It’s totally natural that she jumped on the bathroom scale when cleaning the room to note her weight to herself, and there was no way for her to know it was connected wirelessly to the internet sharing her data on my account. I hated that I had years of her data without her knowledge.

I dreaded this entire situation, since it’s personal and invasive stuff. It reminds me of the time I got a house alarm installed, then promptly took off for a vacation and left the keys to a friend to house sit. When I got back, the alarm company’s iPhone app dutifully tracked every time my friend walked into and out of my house, along with recording when he went to sleep and when he woke up (he would enable it when asleep, turn it off when he woke up).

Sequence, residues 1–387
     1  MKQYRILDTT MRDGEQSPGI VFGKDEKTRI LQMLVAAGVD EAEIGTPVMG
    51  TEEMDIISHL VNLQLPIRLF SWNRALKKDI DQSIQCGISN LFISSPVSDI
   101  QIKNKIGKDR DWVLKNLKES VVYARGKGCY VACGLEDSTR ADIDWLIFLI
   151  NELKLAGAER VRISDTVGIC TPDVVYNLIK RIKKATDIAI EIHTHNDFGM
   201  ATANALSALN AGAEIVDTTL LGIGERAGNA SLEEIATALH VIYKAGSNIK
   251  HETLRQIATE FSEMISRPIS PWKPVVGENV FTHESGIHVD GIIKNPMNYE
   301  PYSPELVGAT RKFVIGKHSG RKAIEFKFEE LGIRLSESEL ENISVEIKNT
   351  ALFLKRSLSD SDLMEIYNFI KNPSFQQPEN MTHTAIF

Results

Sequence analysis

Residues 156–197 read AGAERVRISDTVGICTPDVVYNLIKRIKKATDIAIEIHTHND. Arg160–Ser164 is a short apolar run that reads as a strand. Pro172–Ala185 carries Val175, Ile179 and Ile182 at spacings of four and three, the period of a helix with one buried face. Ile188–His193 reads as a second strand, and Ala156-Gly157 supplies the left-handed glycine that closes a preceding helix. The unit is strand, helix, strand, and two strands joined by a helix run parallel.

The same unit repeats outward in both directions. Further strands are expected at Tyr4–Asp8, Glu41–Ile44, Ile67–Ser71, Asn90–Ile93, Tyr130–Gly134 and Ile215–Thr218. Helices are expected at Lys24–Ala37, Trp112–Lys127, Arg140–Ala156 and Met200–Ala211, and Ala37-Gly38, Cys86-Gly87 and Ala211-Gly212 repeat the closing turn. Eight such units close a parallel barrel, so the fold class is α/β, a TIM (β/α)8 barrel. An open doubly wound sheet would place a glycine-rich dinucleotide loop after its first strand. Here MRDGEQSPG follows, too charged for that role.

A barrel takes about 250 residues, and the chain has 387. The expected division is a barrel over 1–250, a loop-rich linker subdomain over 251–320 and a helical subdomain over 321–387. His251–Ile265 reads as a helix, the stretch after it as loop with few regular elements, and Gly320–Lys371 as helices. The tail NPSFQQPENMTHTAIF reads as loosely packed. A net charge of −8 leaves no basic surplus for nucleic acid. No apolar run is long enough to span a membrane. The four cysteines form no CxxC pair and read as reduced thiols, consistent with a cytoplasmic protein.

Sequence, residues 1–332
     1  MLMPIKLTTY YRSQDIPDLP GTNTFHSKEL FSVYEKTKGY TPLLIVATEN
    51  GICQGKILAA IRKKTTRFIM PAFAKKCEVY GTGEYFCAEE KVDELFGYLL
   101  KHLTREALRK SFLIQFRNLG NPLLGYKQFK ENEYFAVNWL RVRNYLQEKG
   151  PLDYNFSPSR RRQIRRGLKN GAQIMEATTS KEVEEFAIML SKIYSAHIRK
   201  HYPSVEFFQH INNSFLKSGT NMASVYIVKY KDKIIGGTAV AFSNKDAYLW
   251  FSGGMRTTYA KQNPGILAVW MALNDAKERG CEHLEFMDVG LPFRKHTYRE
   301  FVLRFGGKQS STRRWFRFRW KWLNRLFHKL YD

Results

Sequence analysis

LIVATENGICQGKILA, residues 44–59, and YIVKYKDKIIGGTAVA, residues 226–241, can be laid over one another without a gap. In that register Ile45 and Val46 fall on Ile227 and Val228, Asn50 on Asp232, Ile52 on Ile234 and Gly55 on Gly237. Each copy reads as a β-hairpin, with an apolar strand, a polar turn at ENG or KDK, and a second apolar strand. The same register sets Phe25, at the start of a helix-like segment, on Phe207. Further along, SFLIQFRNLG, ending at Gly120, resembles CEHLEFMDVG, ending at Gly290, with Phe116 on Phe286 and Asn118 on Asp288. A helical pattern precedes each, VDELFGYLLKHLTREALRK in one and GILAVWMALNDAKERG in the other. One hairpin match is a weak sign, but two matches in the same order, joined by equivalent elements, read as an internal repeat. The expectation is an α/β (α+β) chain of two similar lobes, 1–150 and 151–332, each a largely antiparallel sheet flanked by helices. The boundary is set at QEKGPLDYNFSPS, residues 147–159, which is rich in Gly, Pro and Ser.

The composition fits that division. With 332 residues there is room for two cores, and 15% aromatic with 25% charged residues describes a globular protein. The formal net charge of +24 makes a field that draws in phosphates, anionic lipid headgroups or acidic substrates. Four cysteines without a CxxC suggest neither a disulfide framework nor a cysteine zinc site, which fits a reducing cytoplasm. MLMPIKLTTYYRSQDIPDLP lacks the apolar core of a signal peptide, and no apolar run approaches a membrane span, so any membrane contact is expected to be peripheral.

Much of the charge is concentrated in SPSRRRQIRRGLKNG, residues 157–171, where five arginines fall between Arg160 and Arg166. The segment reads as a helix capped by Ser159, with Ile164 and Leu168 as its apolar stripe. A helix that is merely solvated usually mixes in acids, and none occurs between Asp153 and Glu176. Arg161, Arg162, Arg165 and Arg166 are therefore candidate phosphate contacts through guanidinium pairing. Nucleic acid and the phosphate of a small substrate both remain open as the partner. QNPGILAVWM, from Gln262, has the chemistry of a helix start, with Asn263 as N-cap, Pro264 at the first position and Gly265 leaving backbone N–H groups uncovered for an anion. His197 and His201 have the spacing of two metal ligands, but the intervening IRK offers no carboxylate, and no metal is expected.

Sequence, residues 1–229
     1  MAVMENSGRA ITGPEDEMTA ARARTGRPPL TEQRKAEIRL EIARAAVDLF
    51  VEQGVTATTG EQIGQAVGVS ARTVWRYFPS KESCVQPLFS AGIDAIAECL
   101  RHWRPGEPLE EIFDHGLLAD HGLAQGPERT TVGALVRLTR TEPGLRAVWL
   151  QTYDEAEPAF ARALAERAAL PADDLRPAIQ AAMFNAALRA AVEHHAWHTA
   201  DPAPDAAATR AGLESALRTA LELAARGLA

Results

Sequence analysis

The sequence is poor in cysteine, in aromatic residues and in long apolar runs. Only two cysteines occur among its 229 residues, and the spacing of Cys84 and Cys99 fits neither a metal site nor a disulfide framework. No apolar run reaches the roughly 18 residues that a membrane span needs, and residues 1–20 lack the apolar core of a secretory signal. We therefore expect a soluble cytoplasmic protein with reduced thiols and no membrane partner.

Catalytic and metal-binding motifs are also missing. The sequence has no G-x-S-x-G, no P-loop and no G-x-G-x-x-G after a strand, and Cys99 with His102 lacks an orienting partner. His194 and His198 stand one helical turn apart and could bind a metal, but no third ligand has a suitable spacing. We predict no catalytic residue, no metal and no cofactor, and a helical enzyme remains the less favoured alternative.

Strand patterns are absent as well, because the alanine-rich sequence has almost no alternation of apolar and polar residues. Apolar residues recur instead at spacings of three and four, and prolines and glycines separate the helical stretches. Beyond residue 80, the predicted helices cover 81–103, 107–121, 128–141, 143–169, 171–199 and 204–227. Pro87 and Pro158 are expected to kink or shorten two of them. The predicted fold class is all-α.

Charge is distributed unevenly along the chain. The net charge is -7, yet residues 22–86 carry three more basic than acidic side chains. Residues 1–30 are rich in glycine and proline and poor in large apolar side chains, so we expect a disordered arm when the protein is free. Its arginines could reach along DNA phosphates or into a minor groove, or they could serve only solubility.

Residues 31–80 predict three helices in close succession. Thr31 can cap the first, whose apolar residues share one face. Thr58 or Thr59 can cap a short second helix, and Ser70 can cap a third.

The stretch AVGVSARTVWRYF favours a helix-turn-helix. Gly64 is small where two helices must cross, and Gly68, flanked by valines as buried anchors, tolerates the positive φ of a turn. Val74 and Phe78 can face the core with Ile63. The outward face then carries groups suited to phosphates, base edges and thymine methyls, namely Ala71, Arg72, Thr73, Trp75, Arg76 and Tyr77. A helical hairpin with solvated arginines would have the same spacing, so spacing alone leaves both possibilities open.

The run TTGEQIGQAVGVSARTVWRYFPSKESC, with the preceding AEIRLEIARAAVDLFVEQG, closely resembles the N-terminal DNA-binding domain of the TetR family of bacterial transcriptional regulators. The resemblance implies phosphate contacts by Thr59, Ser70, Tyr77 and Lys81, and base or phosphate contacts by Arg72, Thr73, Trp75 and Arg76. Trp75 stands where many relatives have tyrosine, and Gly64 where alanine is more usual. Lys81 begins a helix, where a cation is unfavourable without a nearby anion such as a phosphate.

It’s extremely easy to take logs of seemingly innocuous data and paint an intrusive picture of someone’s personal life and habits, and it was no fun to have years of (very personal) data on someone without their knowledge. People are protective about their personal data and it’s natural to want to keep that stuff confidential. But my stupid bathroom scale and its stupid iPhone app removed any sense of privacy.

I promised myself that I’d tell her the next time I saw her. I wanted to apologize, explain how it happened, how it was a big accident, and that it was information I wished I didn’t have.

How do you even start this kind of conversation? I role-played different scenarios and mulled it over in my head for days.